January 22, 2021
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The Ground Beneath Their Feet

Despite all the hue and cry about the placid track, I believe Pakistan wanted this type of pitch. It was a very risky game plan. Imagine what would have happened if India batted first!

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The Ground Beneath Their Feet
The Ground Beneath Their Feet

Knives are out at the curators for preparing a placid batting track for the first Test against India and the cricket administrators are blaming the weather. Frankly speaking, no curator in the world is so authoritative or powerful that he would prepare a pitch against the wishes of the home team management.

When I was captain in the home series against England in 2000, we wanted spinning tracks and we got them, although we lost the Karachi Test in near darkness. So, to say that the groundsmen did not get instructions from the team management, is a poor explanation and an effort to shift the blame.

What is understandable, though, is that the curators failed to produce the pitch they were expected to. But again, I have a different view on this and I believe that Pakistan wanted this type of pitch.

Pakistan declared their first innings at 679 and if my memory is correct, they scored something like 350 runs in under 60 overs on the second day. I think they thought that on this wicket, the ball would reverse and their pace trio would run through the Indian batting line-up that was a bit nervous due to several reasons. 

The home team was also banking on Danish Kaneria to pick up a few wickets on a pitch that would deteriorate because he is a big turner of the ball and has plenty of varieties that he uses intelligently. That game plan backfired simply because Virender Sehwag and Rahul Dravid played a marvellous innings.

It was a very risky game plan. For a minute, lets assume India had won the toss and set Pakistan a 480-run target to avoid the follow-on. Would Pakistan have batted as well as the Indians did? Your guess is as good as mine! The Lahore wicket, I believe, was not much different to the one we got in Multan a couple of years ago and there, India batted first and we suffered an innings defeat.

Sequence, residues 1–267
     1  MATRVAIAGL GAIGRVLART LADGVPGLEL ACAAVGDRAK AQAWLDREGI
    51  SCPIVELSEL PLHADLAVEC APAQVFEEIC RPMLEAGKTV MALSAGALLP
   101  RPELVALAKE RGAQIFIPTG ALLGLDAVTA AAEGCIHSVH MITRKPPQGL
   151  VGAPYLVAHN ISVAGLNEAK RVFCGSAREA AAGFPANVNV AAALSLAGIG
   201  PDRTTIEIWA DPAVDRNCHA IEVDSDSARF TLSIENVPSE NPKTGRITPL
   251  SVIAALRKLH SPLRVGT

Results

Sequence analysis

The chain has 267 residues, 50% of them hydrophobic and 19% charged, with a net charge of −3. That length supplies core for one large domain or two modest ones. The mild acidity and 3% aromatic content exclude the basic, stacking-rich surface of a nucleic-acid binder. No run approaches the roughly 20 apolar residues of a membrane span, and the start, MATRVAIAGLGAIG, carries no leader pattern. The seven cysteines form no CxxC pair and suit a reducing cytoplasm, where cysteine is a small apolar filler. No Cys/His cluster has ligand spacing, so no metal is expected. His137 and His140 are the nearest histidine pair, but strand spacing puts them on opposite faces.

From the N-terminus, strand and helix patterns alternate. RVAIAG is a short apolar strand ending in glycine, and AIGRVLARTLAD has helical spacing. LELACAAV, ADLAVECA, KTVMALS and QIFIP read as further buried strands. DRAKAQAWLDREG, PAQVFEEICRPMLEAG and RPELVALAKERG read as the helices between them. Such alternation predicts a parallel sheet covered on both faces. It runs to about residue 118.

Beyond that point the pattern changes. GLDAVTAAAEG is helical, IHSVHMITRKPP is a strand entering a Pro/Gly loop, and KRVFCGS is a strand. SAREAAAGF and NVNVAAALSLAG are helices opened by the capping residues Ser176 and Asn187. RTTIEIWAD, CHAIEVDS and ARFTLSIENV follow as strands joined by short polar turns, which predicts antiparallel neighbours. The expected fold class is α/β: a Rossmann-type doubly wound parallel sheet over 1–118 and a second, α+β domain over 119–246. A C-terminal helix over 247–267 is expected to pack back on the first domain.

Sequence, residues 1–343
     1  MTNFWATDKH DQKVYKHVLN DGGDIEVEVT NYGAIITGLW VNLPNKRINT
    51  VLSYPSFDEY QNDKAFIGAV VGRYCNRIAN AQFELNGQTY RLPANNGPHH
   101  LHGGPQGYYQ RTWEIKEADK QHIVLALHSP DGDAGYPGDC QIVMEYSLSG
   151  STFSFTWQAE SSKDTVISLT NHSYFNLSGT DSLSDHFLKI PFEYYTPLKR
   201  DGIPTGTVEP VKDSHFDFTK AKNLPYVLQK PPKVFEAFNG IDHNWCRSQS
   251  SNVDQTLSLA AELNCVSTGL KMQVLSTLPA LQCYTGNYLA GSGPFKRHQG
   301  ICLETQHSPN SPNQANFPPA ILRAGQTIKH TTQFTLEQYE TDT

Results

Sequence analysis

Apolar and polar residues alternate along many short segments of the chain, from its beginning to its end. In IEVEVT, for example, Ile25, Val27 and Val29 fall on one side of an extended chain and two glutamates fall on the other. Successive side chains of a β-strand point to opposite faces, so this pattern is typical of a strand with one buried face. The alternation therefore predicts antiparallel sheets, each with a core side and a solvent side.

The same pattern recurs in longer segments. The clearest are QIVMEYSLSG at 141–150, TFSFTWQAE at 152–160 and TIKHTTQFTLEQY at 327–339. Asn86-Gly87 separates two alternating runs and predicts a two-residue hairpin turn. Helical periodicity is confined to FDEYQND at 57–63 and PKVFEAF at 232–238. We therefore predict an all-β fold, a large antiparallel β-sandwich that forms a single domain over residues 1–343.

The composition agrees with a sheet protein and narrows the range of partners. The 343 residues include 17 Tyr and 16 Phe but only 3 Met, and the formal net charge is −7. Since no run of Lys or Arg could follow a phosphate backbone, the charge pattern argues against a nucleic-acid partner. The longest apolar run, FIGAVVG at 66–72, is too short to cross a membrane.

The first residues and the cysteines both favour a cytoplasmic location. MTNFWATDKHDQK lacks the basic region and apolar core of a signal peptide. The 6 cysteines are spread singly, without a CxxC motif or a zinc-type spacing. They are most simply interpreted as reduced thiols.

India gained everything from the weather-affected Test. The tourists had arrived here unsure what to expect from the hosts who were flying high after a memorable victory over England in the Test and one-day series.

In contrast, India, despite beating South Africa and Sri Lanka at home, had problems with team selection and in the batting order, made all the more difficult after the inclusion of Sourav Ganguly. Dravid was captaining the team for the first time in a big series like this and the bowlers needed time to settle down.

But after the Lahore Test, everything apparently has fallen in the right place for the visitors. Dravid made a courageous and intelligent decision to open the innings in order to make optimum use of the experience that was available while adjusting Ganguly in the middle-order. The Indian bowlers may have lost some confidence after the hammering they got from the Pakistanis but it was restored with a mammoth 410-run first wicket partnership between Sehwag and Dravid. 

If India gained everything, what did Pakistan earn? To me, nothing. In fact, they lost everything. The pre-series tag of favourites has gone down the drain and as I see things, they may go to the drawing board wondering what to do for the Faisalabad and Karachi Tests, particularly for the last Test because everyone is expecting another weather-hit game in Faisalabad.

I have received plenty of calls from cricket followers who are asking why Pakistan didn't leave grass on the wicket. I have no real explanation to offer except that the Pakistan batsmen might not feel comfortable batting on green tops or there is a question mark on the fitness of Shoaib Akhtar who is already carrying a niggle in his ankle since the England series.

Besides, I don't really remember if we have ever played on seaming tracks at home even at the time when we had the fastest bowlers in Imran Khan, Wasim Akram or Waqar Younis. We have always depended on Abdul Qadir, Tauseef Ahmed, Iqbal Qasim, Mushtaq Ahmed and Saqlain Mushtaq, and are now relying on Kaneria.

Whatever maybe the wicket, we cannot take any credit away from Sehwag and Dravid. They are batsmen of contrasting styles and thoroughly displayed their immense talent, footwork and eye. Sehwag, we all know, is a dangerous batsman and although the Pakistan bowlers tried to trap him by bowling in his rib-cage area, he nicely tackled those deliveries. 

Dravid was cool and composed as ever, although it is very difficult for a batsmen to keep pace with a partner who is firing all guns blazing. It was sad that they missed breaking the world record by four runs but I think Greg Chappell is largely responsible for that.

The Indian coach should have sent out a message on the fourth evening informing the two about the record and they should have continued instead of accepting light even at the time when they were sending the ball to all parts of the ground.

Chappell, to me, still appears uncomfortable with the presence of Ganguly and the animated discussion before the start of the match between him, the former captain and Dravid, says it all.

To add to the controversy, he was quoted as saying in his press conference after the first day's play that he had not yet decided on the batting order. That's hilarious! He had finalised the playing lineup and he did not know who'd bat where?

The more quickly the Indian team gets over this Ganguly affair, the better because this is an opportunist Pakistan side, capable of pouncing on any opportunity that comes their way.


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